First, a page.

Old IrishEdit

Alternative formsEdit

EtymologyEdit

From Proto-Celtic *brawū (millstone), from Proto-Indo-European *gʷréh₂wō (heavy stone), from *gʷréh₂us (heavy).

PronunciationEdit

NounEdit

brao f (genitive broon)

  1. quern, millstone
    • c. 845, St. Gall Glosses on Priscian, published in Thesaurus Palaeohibernicus (reprinted 1975, Dublin Institute for Advanced Studies), edited and with translations by Whitley Stokes and John Strachan, vol. II, pp. 49–224, Sg. 184b3
      Tuarcain do·fuaircitis inna grán la arsidi resiu arista brao.
      The grains used to be crushed by pounding by the ancients before a quern was invented.
    • c. 850, Book of Armagh, folio 10a2, published in Thesaurus Palaeohibernicus, vol. 2, p. 45:
      broon glosses Latin molae

DeclensionEdit

Not attested in the plural until Middle Irish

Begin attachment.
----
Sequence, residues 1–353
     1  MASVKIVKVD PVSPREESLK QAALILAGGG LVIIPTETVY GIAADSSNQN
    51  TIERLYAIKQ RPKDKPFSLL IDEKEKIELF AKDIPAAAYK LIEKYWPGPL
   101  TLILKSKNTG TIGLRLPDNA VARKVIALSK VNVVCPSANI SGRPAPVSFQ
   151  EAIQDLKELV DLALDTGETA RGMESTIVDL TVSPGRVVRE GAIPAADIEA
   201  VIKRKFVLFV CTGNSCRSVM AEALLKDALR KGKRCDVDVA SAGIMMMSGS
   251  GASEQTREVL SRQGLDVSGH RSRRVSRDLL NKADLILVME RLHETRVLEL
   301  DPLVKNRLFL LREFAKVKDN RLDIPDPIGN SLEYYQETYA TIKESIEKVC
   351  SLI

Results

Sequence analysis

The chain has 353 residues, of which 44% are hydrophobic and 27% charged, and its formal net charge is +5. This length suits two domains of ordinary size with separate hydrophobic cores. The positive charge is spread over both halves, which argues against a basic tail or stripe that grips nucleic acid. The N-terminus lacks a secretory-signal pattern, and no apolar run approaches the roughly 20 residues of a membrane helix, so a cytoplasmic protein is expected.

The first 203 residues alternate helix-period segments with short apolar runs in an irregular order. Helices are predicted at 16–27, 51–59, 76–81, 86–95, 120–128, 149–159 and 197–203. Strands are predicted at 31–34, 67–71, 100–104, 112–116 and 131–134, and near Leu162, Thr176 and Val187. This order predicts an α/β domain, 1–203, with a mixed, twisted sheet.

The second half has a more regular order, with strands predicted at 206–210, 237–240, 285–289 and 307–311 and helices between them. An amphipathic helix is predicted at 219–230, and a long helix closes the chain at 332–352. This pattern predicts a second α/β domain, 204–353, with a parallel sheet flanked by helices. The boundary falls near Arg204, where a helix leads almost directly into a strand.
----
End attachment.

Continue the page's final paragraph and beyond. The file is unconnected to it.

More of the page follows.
Feminine n-stem
Singular Dual Plural
Nominative brao, bráu, broo
Vocative brao, bráu, broo
Accusative *broïnN
Genitive broon
Dative *broïnL, braoL
Initial mutations of a following adjective:
  • H = triggers aspiration
  • L = triggers lenition
  • N = triggers nasalization

DescendantsEdit

  • Middle Irish: bró

MutationEdit

Old Irish mutation
Radical Lenition Nasalization
brao brao
pronounced with /v(ʲ)-/
mbrao
Note: Some of these forms may be hypothetical. Not every
possible mutated form of every word actually occurs.

Further readingEdit